Election Day is Just the Beginning

Pet specialty retailers should make the effort to talk with their elected representatives as early as possible.




This month, voters across the country are choosing their elected officials at the local, state and federal levels. While Election Day may mark the end of the campaign season for candidates, for those of us in the pet care community, it’s really just the beginning. As soon as we know who our representatives are, it’s time to start helping them get to know us.


Throughout this year’s primary season, we have seen indications that there will be more new faces in Congress, state legislatures and city councils than ever before. Retirements have created numerous vacancies, and there have even been several high-profile upsets in which candidates from their own parties defeated long-serving incumbents. Couple these with the general election defeats that are being predicted for endangered members on both sides of the aisle, and we will be welcoming quite a few freshman legislators at all levels of government.


In some cases, this will be a good thing—an opportunity to start over with a clean slate where the previous office-holder’s mind had been made up long ago. This is where early engagement is key. Reach out and introduce yourself and your business. Invite your elected officials to take a tour and meet your staff. Look for opportunities to demonstrate value by participating in economic roundtables and advisory boards, offering to host events at your facility or simply sharing information.


In other cases, unfortunately, long-time allies and supporters will also be replaced by someone new. These transitions can be easy or difficult, depending on the nature of the change.


Was this the result of a retirement? If so, it’s possible that there will be a relatively smooth change from one elected official to the next. Look for opportunities to continue your existing relationship with the office during the transition period. Determine if current staffers will be staying on; if they are not, seek an opportunity for a “hand-off” meeting or a direct introduction to their successors.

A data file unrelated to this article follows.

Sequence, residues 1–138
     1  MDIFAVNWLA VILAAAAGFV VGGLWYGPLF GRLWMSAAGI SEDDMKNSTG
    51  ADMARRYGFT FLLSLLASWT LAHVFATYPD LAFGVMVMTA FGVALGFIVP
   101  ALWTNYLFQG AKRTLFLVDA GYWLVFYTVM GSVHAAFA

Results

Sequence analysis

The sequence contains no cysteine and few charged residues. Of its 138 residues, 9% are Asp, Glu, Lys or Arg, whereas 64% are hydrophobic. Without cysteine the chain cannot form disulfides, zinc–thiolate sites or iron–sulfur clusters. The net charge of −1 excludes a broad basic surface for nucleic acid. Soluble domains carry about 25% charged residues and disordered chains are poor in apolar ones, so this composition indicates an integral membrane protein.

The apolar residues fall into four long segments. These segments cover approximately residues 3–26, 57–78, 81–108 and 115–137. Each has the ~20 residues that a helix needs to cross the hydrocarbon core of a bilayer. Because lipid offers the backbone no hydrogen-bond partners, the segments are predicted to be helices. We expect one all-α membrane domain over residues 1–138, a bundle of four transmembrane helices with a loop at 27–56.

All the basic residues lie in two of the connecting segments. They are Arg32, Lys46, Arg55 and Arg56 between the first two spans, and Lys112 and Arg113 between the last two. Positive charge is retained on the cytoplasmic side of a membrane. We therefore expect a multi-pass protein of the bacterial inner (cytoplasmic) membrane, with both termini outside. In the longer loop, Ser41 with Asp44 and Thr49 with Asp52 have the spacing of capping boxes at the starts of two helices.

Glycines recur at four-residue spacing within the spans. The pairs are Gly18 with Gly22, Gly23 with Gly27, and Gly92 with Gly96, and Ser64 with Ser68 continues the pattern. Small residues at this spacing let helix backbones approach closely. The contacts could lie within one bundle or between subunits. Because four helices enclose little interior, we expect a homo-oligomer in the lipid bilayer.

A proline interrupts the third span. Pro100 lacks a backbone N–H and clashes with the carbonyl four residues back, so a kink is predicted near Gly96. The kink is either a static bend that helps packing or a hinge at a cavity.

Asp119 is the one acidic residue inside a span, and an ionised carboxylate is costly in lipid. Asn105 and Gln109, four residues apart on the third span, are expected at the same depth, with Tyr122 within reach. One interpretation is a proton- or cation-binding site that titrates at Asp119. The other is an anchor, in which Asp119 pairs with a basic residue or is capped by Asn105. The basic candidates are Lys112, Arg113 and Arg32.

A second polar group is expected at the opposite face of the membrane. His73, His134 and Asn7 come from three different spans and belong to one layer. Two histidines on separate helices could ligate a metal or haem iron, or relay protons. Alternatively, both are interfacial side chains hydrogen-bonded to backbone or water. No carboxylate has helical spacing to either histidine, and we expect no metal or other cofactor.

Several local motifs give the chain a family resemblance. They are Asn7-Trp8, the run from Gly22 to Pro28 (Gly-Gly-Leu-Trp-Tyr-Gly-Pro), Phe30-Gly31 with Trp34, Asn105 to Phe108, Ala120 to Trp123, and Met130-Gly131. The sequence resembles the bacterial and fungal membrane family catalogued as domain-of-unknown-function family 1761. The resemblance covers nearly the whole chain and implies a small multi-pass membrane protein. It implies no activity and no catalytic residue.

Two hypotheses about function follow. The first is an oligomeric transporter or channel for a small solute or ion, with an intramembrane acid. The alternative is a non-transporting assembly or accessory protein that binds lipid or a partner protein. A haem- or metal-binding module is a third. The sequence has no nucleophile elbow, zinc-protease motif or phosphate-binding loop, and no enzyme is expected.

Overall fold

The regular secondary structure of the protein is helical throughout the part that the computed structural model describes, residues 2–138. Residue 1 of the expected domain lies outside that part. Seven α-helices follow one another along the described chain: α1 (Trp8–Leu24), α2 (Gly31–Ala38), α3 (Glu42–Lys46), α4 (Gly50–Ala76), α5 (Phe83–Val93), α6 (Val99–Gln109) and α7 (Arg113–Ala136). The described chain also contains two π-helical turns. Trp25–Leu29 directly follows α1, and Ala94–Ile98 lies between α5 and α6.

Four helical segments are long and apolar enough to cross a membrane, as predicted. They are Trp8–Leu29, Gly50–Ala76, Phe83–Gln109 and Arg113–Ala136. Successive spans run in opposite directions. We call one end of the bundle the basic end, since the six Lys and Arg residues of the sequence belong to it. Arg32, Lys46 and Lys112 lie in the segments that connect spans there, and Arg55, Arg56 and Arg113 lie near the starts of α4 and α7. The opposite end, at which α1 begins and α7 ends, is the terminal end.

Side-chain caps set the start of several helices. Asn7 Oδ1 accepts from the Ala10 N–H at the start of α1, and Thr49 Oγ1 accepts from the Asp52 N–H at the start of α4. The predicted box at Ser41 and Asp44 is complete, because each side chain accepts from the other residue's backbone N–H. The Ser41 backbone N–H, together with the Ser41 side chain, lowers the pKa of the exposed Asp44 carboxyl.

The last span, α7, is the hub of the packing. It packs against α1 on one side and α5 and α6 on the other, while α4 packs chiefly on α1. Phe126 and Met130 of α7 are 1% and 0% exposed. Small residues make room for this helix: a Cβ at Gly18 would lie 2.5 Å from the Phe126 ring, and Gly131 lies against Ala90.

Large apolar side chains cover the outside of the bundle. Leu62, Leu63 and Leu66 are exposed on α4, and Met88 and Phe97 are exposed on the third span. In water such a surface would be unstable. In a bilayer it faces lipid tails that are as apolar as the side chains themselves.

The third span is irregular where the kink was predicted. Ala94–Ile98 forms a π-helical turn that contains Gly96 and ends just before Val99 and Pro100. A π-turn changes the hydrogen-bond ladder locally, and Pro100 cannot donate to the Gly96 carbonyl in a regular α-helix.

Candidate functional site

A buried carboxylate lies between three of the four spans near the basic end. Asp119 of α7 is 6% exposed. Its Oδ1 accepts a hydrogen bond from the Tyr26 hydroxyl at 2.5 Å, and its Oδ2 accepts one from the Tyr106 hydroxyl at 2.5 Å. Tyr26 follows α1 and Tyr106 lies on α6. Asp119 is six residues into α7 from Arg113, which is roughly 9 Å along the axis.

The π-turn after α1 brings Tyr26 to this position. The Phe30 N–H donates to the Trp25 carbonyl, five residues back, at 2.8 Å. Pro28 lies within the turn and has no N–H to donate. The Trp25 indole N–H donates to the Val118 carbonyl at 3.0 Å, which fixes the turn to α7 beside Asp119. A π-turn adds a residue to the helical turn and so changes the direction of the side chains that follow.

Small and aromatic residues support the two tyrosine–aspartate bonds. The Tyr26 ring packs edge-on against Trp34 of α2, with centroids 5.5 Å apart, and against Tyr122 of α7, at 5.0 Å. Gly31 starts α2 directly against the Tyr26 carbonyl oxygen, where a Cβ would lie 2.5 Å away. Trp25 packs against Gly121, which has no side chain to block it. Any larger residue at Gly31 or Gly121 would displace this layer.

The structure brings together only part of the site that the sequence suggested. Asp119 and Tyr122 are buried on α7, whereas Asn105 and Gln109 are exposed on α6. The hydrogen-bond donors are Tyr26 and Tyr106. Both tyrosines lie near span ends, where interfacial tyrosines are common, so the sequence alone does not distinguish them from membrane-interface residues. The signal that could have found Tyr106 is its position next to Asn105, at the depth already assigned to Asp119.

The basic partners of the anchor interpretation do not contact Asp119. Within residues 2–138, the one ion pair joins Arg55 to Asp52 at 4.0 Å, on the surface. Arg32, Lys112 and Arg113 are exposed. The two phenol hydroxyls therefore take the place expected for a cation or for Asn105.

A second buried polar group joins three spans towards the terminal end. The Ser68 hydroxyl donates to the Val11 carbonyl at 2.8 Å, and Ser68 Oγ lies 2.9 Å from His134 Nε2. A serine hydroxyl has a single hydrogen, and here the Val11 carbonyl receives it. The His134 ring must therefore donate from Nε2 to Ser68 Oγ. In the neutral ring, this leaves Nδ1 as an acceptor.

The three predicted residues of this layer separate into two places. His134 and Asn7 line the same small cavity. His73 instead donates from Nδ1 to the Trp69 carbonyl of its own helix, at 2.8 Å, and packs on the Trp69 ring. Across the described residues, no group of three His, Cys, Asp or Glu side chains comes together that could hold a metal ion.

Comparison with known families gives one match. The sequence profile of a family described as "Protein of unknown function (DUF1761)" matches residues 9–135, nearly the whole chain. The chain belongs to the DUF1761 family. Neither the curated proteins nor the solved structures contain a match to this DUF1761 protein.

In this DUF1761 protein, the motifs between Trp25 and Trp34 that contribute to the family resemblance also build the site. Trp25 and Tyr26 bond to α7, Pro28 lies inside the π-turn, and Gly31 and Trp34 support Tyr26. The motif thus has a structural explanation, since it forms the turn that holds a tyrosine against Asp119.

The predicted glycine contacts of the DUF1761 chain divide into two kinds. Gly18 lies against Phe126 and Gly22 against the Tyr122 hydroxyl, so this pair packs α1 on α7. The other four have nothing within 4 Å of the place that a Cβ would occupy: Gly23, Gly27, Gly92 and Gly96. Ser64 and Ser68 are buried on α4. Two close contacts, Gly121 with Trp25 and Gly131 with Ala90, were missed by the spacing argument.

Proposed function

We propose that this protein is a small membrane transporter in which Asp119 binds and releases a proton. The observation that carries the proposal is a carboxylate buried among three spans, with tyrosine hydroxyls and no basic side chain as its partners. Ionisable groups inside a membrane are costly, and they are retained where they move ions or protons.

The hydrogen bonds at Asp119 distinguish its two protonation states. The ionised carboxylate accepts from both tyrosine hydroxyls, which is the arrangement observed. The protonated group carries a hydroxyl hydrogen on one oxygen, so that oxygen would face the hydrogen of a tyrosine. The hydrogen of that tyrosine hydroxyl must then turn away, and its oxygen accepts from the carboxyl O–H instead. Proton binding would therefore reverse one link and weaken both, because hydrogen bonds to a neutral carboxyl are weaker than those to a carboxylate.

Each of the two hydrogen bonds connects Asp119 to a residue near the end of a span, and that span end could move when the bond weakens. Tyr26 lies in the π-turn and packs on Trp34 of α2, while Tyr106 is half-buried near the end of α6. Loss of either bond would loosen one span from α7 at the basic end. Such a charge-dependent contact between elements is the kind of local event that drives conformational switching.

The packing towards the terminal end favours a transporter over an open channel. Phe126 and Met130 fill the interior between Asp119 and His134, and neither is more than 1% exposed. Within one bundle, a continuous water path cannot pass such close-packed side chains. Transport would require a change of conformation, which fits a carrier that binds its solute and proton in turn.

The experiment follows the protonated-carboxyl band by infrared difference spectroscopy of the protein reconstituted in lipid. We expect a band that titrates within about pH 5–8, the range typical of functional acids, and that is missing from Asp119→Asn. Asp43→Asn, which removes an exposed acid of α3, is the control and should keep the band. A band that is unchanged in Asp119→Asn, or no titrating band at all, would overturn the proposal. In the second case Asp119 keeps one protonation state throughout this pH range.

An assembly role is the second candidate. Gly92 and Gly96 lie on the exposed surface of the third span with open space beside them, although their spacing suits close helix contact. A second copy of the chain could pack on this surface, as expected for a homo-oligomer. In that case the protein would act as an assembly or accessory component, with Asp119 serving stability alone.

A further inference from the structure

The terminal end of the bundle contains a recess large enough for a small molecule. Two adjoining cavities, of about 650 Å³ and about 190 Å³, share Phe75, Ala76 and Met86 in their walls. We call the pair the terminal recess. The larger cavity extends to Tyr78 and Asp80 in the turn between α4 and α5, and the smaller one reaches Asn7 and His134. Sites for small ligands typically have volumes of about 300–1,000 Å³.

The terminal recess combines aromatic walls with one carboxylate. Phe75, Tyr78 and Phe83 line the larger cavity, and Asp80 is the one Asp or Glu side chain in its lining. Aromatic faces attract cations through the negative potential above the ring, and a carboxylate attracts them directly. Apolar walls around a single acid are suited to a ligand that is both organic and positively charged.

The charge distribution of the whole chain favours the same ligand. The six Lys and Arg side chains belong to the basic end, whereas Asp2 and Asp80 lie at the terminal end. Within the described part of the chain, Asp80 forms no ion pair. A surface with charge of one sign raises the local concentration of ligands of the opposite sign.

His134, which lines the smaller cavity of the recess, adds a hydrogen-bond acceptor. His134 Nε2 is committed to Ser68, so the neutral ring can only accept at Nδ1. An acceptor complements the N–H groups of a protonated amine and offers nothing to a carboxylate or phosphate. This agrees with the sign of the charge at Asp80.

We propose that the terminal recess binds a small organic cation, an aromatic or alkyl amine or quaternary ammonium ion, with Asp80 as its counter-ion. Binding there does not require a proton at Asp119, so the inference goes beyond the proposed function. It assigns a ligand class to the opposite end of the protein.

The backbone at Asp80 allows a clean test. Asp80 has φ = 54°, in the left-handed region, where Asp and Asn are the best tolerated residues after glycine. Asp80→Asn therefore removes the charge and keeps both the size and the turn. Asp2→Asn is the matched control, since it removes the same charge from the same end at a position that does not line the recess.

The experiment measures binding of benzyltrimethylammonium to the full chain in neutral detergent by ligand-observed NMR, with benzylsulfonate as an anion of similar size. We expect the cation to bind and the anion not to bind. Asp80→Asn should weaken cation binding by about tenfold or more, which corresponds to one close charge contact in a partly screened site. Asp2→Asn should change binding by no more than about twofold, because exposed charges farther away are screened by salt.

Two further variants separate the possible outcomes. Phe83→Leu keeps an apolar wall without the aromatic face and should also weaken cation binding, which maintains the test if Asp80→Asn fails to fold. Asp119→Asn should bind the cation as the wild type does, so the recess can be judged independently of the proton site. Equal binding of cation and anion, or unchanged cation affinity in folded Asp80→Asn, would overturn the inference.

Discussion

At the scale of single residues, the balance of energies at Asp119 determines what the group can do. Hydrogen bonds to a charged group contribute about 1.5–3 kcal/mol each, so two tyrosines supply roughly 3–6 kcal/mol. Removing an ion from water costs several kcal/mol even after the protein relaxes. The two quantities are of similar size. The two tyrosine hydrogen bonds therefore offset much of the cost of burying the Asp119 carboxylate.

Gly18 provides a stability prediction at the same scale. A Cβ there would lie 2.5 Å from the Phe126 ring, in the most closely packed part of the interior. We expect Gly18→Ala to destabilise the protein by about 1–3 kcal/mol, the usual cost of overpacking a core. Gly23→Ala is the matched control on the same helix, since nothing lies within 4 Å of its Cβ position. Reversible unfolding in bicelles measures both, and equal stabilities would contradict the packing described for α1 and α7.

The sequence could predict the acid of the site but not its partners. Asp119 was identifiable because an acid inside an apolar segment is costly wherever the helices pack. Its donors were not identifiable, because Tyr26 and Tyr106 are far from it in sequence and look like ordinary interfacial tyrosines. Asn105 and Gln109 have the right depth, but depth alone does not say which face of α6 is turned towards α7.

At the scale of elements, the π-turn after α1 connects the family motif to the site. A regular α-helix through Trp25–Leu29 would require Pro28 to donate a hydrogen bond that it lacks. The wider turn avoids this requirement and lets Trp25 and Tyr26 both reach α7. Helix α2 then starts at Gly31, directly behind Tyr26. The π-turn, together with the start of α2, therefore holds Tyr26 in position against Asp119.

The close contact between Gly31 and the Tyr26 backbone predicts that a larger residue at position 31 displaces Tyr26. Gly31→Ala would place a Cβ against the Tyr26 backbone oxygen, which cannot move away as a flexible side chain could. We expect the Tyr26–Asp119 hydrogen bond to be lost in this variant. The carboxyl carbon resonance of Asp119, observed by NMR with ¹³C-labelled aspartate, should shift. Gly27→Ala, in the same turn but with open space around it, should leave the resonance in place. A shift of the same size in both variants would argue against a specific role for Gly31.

If not—especially in situations where a lawmaker is replaced by someone from the opposing party—prepare to go back to square one. Take the time to review the positions that the newly-elected legislator highlighted during the campaign. Find areas of common interest. Don’t assume that your positive working relationship with the previous office-holder will either continue unchanged or work against you with your new representative.



Start the Conversation

Pets are non-partisan, and we in the pet care community have so many positive things to talk about when first meeting elected officials. We can point to the health benefits of the human-animal bond, using research supported and compiled by the Human Animal Bond Research Institute. We can discuss ways in which companion animals in learning environments improve educational outcomes and socialization for students, one of the fundamental principles of the Pets in the Classroom program. And we in the professional pet care community can also point to the significant, positive impact that we have on the communities in which we live and work, citing evidence from the economic impact study commissioned by the Pet Industry Joint Advisory Council (PIJAC) and the Pet Leadership Council and using state-by-state infographics available on PIJAC’s website.


Roughly two-thirds of American households own pets. That’s a statistic that lawmakers can’t afford to ignore. Couple it with the fact that many animal care issues also affect non-pet owners, and you’re going to get attention when you reach out to meet with your representatives.


But they’re unlikely to come to you first. The first weeks and months after an election are a whirlwind of activity for new officeholders. Think about the last time you started a new job, and then imagine it with the public watching and commenting on your every move. By the time your legislator has a chance to reach out to you—assuming it crosses their mind to do so in the first place—it may be too late to make a first impression on your terms. Issues that affect you may already be under consideration, and others with competing agendas may have already defined issues on their terms.


Back in September, we hosted pet care community members from across the country for our first annual industry-wide fly-in. We arranged meetings with more than 100 Congressional offices so that breeders, distributors, retailers, food and product manufacturers, and service providers could sit down with staffers and elected officials to tell their individual stories and the story of the broader pet care community. The most common feedback we got from attendees was that they were surprised to learn just how easy those meetings were. It turns out your elected representatives want to hear from you, and they appreciate it when subject matter experts, like you, share their experience and expertise.


As you watch the election results this month, think about reaching out to all the people who will represent you and requesting meetings. And remember: we at PIJAC can help. Contact us to learn more about everything from making those initial meeting requests to following up and truly getting involved with your elected officials. PB


Mike Bober is president and CEO of the Pet Industry Joint Advisory Council (PIJAC).


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